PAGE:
For several decades, Derek Humphry, the author, worked as a journalist in England and in the USA. He helped found and manage euthanasia organizations. At 83, he now lives in Oregon, the first state in the USA to legalize suicide for terminally ill individuals. His books, which initially mainstream publishers would not accept, have been commercial successes. He has assisted three suicides, in the cautious manner he describes and recommends.

The chapters are many and short. The titles are largely self-explanatory and arc from making the decision to end one's life if medically doomed, to rejecting methods that are too risky, and then to the "final act." A few chapter titles are:

Ch. 1: The Most Difficult Decision
Ch. 2: Shopping for the Right Doctor
Ch. 3: Beware of the Law
Ch. 4: The Hospice Option
Ch. 11: Who Shall Know?
Ch. 16: Letters to Be Written
Ch. 20: Storing Drugs
Ch. 22: Self-Deliverance Using a Plastic Bag
Ch. 23: A Speedier Way: Inert Gases
Ch. 24: The Checklist
Ch. 25: The Final Act

Throughout these and other chapters, the author writes clearly and succinctly, with only enough repetition to make sure readers do not miss key points.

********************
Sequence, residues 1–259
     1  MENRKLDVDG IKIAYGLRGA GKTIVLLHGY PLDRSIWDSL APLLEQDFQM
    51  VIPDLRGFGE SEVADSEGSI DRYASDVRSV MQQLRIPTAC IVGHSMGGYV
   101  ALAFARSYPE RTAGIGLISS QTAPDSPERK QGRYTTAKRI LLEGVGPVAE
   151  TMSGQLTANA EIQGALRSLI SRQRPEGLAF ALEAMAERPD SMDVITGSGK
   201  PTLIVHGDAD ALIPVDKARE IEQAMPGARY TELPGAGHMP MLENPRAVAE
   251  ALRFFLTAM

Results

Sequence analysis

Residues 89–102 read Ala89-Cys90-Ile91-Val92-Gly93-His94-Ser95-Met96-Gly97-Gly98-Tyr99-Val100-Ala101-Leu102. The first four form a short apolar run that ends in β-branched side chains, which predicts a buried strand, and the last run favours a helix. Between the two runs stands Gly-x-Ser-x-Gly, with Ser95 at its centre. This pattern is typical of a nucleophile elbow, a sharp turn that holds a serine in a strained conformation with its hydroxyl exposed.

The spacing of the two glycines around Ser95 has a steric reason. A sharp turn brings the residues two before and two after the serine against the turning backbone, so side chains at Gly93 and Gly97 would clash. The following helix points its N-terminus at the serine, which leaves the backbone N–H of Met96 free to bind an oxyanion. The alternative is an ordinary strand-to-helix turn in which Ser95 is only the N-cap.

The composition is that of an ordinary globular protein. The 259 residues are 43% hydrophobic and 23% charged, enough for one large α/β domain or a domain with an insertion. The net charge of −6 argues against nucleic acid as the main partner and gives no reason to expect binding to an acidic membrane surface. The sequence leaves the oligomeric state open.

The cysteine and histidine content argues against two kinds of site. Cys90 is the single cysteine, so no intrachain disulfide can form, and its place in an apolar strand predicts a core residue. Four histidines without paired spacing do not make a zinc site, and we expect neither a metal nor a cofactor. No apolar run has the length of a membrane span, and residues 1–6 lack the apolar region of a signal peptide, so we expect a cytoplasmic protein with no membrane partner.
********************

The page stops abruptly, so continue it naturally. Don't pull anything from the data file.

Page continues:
I recommend a casual reading of this book now, and then a second, close reading if and when the appropriate time comes to apply it. I hope that need never comes for you or for me. I hope to fully pursue my highest values in life for as long as I can, and then die naturally.

Aug 1, 2013

Best approach to disputes in the Objectivist movement?

I have been a student of Objectivism, and a member of the Objectivist movement, for 50 years. I have seen conflicts arise and fade. I am learning that there is a proper procedure for outside individuals—those who are not directly involved—to approach these conflicts. Part of that procedure consists of asking and answering these questions: 

(1) Exactly what is the type of conflict? Is it philosophical, personal, something else, or a combination?

(2) Exactly what is the issue in dispute? If there are several issues, in what order should I resolve them?

(3) Is all the evidence available that I need in order to make a decision about which side, if either, to support?

(4) If any, what is my stake in this conflict? How does it affect my pursuit of my lifetime philosophical and personal values?

(5) Do I need to make a decision now or at any time? If so, why?

(6) If I do decide to investigate a dispute and if I uncover enough information to form a judgment, should I take a stand (which entails time and effort to formulate, present and defend), either in private or in public?

The main lesson I have learned is to wait until I can answer such questions with confidence. A secondary lesson is that Objectivism (which is a fixed set of ideas) remains unchanged no matter what happens in the Objectivist movement. (For my understanding of "movement," see )